Linear Algebra and Geometry

Unit aims

Linear Algebra and Geometry constitute the bedrock of higher mathematics. They are indispensable and used in one form or another throughout every mathematical discipline. This unit aims to lay down foundational concepts for studying maths at the undergraduate level and enable students to develop clear mathematical thinking.

Unit description

Linear Algebra and Geometry begins with the complex plane, conics, and hyperplanes in n-space, which leads to the straightforward ideas of vectors and matrices, and develops the abstract notion of vector spaces. This is one of the basic structures of pure mathematics; yet the methods of the course are also fundamental for applied mathematics and statistics.

The unit has standard pure mathematical axiomatic structure, from definitions of abstract objects to proving their properties, as theorems. This is the mission of Lectures. Most of the Examples are presented as weekly Homework, a large part of which will be considered in Problem Classes.

  • Not paying enough attention to homework will create a feeling that more examples should have been provided.

Relation to other units

This unit provides foundations for all other units in the Mathematics Honours programmes.

Learning objectives

At the end of the unit, students should:

  • have developed some familiarity with abstract mathematical thinking;
  • be familiar with geometric objects like lines, planes and hyperplanes, and their axiomatic generalisation into vector spaces and linear maps;
  • be able to solve linear equations using elementary operations;
  • be able to work with matrix algebra, including matrix inverses, determinants, and eigenvalues and eigenvectors.

Transferable skills

Logical thinking, mathematical writing, problem casting and solving, assimilation of abstract ideas, axiomatic approach to mathematical structures.


Note: topics may not appear in exactly this order. 

  1. Euclidean plane, cosine, sine, and the complex numbers, Euclidean three-space.
  2. Distance, lines, and hyperplanes in n-space.
  3. Systems of linear equations, matrices, Gaussian elimination, row echelon form. Matrix algebra. Gaussian elimination as matrix multiplication. Inverse of a square matrix.
  4. Linear maps from n-space to m-space; surjectivity, injectivity, kernels and rank-nullity. Matrix representations of linear maps. 
  5. Determinants. Cross products in three dimensions.
  6. Fields, abstract vector spaces and their basic properties. 
  7. Subspaces, linear combinations and span. Linear dependence and independence.
  8. Bases and dimension.
  9. Linear transformations from one vector space to another; using matrices to represent linear transformations from one finite-dimensional vector space to another. 
  10. Rank and nullity of a linear transformation, and the relationship between them.
  11. Eigenvalues and eigenvectors; characteristic polynomial of a matrix. Determinant and trace.
  12. Inner products and inner product spaces. Orthonormal bases. Linear operator matrices in orthonormal bases. Gramm-Schmidt orthogonalisation.
  13. Adjoint and self-adjoint operators. Unitary and orthogonal operators. Hermitian, symmetric and orthogonal matrices.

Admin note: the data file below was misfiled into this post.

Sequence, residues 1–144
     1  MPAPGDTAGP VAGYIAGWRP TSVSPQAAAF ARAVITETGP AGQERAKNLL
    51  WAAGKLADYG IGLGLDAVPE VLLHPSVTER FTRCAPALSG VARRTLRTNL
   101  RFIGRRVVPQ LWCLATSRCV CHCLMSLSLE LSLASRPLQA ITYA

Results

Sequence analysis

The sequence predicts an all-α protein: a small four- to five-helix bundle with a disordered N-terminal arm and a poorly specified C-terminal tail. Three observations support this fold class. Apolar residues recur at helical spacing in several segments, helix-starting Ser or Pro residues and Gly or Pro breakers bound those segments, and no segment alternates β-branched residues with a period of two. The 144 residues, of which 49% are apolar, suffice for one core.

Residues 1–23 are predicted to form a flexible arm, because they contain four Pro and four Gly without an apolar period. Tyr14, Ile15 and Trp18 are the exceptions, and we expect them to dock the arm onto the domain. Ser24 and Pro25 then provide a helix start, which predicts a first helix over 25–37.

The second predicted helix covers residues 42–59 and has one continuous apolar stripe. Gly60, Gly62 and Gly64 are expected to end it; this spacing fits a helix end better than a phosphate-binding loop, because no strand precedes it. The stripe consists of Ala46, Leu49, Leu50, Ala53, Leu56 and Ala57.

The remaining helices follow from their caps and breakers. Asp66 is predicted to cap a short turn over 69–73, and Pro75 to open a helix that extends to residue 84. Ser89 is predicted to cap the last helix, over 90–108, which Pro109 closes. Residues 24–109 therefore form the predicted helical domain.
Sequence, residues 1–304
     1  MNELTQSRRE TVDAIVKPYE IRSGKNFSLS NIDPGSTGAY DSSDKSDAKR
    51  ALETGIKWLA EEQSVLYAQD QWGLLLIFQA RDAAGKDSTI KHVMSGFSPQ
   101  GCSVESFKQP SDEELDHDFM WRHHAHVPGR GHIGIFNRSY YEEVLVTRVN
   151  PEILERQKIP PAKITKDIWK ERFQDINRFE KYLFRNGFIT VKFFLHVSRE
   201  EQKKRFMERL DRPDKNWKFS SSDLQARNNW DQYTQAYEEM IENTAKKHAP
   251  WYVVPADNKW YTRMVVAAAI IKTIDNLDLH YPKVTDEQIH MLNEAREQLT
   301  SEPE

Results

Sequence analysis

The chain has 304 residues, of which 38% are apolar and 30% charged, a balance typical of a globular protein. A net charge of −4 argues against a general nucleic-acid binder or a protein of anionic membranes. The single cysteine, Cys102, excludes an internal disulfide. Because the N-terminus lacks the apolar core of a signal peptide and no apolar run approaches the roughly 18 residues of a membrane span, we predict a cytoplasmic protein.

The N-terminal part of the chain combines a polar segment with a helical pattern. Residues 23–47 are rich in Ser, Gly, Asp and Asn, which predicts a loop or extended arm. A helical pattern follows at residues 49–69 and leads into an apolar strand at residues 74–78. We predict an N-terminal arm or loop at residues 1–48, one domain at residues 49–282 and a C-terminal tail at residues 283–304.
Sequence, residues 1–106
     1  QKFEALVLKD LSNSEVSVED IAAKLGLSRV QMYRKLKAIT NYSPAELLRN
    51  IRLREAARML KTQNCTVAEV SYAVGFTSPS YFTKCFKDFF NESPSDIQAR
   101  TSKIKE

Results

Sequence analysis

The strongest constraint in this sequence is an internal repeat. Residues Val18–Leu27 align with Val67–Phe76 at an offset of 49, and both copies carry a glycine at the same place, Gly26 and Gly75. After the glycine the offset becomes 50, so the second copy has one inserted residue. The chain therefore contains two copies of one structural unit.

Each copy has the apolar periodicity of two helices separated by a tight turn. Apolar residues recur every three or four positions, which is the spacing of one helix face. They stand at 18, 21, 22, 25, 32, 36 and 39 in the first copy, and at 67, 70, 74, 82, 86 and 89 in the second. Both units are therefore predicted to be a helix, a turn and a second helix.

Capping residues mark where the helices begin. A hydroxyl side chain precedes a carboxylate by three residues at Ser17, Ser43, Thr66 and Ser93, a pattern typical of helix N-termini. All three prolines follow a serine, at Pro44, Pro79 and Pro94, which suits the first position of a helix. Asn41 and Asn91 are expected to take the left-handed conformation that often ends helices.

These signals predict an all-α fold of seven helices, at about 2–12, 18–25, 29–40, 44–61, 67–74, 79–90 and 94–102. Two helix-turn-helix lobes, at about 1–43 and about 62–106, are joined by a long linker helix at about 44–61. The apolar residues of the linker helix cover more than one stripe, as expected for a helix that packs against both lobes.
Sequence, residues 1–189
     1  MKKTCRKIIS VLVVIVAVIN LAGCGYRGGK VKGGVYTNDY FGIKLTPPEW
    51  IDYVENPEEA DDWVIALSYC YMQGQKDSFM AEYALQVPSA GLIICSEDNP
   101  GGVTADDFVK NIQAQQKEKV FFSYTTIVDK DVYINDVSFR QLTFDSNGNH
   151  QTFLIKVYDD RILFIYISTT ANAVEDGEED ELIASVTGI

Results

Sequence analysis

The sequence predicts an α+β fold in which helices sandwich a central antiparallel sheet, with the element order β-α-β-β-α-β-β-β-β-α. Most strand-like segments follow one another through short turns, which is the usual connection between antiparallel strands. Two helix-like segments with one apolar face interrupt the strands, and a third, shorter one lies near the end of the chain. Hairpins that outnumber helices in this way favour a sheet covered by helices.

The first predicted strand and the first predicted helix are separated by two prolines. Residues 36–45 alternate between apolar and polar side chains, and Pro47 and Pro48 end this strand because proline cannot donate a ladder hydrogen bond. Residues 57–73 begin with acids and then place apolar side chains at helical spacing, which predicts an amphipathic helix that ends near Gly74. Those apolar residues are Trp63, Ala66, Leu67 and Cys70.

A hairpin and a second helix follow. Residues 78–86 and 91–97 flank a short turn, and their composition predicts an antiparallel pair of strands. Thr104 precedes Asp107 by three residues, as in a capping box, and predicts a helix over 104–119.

14. Diagonalisation of a matrix; properties of real symmetric matrices.

Reading and References

There are many good linear algebra texts. They come in different styles, some follow a more abstract approach, others emphasise applications and computational aspects. Some students may prefer the style of one book more than another. 

Further Reading

The following is a selection of textbooks which cover a variety of styles: 

  • G. Strang, Linear Algebra and its Applications
  • R. Allenby, Linear Algebra
  • H. Anton and C. Rorres, Elementary Linear Algebra
  • S. Lang, Linear Algebra
  • S. Lipschutz and M. Lipson, Linear Algebra

The lectures will present the material in a different order from most textbooks. There is no required text. Notes taken by students of mostly theoretical material taught during lectures and examples from homework and problem classes should suffice to master the material. Attendance of all contact hours is mandatory.

  • A full version of written notes is availabe online on Blackboard. However, lectures aim to give a broader and more creative perspective of the material, focusing on the depth and meaning of studied concepts. Therefore, even though there is a natural correlation between lectures and written notes, it will be somewhat approximate and not without occasional deviation.

Unit code: MATH11005
Level of study: C/4 (Honours)
Credit points: 20
Teaching block (weeks): 1 and 2 (1-24)
Lecturers: Dr John Mackay Dr Farhad Babaee


An A in Mathematics A-level or equivalent.



Methods of teaching

Lectures and problem classes supported by lecture notes, problem sheets and small-group tutorials.

Methods of Assessment

The pass mark for this unit is 40.

Formative assessment:

  • Problem sheets set by the lecturer and marked by the students’ tutors.

Summative assessment:

  • Two 1.5h exams (45% each)
  • Coursework (10%)

NOTE: Calculators are NOT allowed in the examination.

For information resit arrangements, please see the re-sit page on the intranet.

Please use these links for further information on relative weighting and marking criteria.

Further exam information can be found on the Maths Intranet.

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